Saturday, April 11, 2015

Hollywood South Hayride

The latest episode begins next week. Here's some background but see if you can spot the one interesting fact that is missing.
Meanwhile, periodic scandals have marked the program - like the one in which prominent players and coaches for the New Orleans Saints were victimized by a man, sentenced to prison in 2010, who sold tax credits he never actually obtained.

In the trial that opens Monday, the defendants are Peter and Susan Hoffman, identified in court documents as an estranged husband and wife and principals in Seven Arts Entertainment and related companies; and Michael Arata, a New Orleans lawyer also involved in the film business.

The law at the heart of the case allows movie production companies to get a tax credit - at the time of the alleged crime it was up to 40 percent - of certain infrastructure costs, defined as the "purchase, construction and use of facilities that were directly related to and utilized for motion picture production in Louisiana."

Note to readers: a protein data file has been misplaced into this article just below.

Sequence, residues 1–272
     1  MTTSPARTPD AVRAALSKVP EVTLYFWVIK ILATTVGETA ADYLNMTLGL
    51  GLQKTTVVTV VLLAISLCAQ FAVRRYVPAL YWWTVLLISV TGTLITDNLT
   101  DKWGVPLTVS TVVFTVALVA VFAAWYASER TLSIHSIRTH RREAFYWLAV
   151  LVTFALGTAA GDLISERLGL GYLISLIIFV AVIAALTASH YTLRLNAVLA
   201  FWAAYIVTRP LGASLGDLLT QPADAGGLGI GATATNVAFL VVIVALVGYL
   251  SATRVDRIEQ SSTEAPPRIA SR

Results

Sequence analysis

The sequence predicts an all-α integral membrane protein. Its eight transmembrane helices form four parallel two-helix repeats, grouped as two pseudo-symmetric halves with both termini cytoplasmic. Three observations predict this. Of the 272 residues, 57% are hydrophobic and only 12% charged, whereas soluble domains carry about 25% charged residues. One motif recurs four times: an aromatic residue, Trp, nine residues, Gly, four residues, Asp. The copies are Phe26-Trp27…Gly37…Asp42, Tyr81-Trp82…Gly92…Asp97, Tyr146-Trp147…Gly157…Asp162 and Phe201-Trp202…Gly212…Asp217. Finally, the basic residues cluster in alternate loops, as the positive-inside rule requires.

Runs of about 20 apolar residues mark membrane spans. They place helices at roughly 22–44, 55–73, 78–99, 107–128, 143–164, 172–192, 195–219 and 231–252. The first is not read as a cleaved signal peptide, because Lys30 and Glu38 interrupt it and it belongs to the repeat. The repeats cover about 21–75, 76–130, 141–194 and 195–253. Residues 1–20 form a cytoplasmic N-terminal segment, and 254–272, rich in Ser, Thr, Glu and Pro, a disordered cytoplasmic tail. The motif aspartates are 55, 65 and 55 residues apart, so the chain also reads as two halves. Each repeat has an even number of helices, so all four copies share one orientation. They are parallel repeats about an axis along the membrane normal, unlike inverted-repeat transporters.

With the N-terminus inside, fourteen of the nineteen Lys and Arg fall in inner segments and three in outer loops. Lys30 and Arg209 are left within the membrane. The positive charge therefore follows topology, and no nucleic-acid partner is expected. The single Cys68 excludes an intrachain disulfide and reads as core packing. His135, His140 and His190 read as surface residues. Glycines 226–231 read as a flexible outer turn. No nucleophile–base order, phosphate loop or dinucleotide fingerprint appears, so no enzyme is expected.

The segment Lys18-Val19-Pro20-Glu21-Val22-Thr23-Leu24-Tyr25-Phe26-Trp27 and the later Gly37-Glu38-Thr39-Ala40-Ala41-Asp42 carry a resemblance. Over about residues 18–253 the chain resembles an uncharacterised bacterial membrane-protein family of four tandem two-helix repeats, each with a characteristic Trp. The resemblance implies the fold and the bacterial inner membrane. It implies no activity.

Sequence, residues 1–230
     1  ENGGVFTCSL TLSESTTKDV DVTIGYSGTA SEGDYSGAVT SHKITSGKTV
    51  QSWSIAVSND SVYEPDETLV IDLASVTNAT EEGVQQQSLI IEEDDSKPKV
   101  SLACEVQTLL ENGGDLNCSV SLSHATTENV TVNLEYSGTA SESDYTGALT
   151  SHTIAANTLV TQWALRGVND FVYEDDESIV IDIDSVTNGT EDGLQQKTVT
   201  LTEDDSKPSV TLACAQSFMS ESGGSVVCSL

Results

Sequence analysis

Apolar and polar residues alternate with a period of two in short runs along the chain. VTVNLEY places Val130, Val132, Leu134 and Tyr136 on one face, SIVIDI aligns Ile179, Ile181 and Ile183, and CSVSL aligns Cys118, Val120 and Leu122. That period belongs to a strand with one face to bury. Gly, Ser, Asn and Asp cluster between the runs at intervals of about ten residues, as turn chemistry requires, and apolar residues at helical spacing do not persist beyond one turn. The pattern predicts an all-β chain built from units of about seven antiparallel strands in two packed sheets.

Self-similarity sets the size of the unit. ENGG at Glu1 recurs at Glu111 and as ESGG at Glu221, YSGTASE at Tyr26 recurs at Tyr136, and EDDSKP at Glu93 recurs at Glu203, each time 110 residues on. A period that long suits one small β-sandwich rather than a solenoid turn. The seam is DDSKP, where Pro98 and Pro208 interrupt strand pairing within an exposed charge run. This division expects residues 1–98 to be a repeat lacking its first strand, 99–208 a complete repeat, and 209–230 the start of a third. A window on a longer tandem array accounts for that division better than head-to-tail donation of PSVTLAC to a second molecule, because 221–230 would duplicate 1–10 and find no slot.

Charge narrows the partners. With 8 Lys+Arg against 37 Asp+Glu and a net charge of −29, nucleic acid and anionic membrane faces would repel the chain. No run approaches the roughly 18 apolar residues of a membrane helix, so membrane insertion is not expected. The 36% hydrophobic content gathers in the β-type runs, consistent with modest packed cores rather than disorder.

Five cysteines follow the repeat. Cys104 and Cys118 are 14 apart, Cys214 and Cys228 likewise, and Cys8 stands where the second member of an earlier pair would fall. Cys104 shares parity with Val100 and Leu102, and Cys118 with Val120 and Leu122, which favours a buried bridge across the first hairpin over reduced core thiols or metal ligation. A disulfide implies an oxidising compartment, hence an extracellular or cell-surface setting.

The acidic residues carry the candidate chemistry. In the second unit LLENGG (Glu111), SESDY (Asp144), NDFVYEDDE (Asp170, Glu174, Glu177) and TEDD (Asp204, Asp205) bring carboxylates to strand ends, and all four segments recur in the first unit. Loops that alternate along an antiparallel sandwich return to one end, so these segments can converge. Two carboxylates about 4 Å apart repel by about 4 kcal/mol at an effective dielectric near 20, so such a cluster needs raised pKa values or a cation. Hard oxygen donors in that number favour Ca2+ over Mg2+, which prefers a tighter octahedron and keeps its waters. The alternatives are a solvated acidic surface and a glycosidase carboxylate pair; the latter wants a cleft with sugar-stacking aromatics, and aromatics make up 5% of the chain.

If tax credits earned exceed the business's actual tax liability, the credits can be sold to another party that wants to use the credit to pay off its liabilities.

Federal authorities say the Hoffmans and Arata, through companies they owned, purchased a dilapidated mansion just outside the French Quarter in 2007, with plans to turn it into a post-production facility. The alleged crime was using fraudulent documents to obtain tax credits for work that was not actually done on the renovated mansion, credits that Arata purchased at a discount from his partners, then sold at a profit to local businesses and people.
Okay, I'll just tell you.  Arata is married to one of our handsomely compensated Deputy Mayors.  You really aren't anyone in this town until you've made a little something in the movie biz. Which is why, despite all the hand-wringing over the tax credit, you can rest assured the legislature is going to leave the program largely intact.

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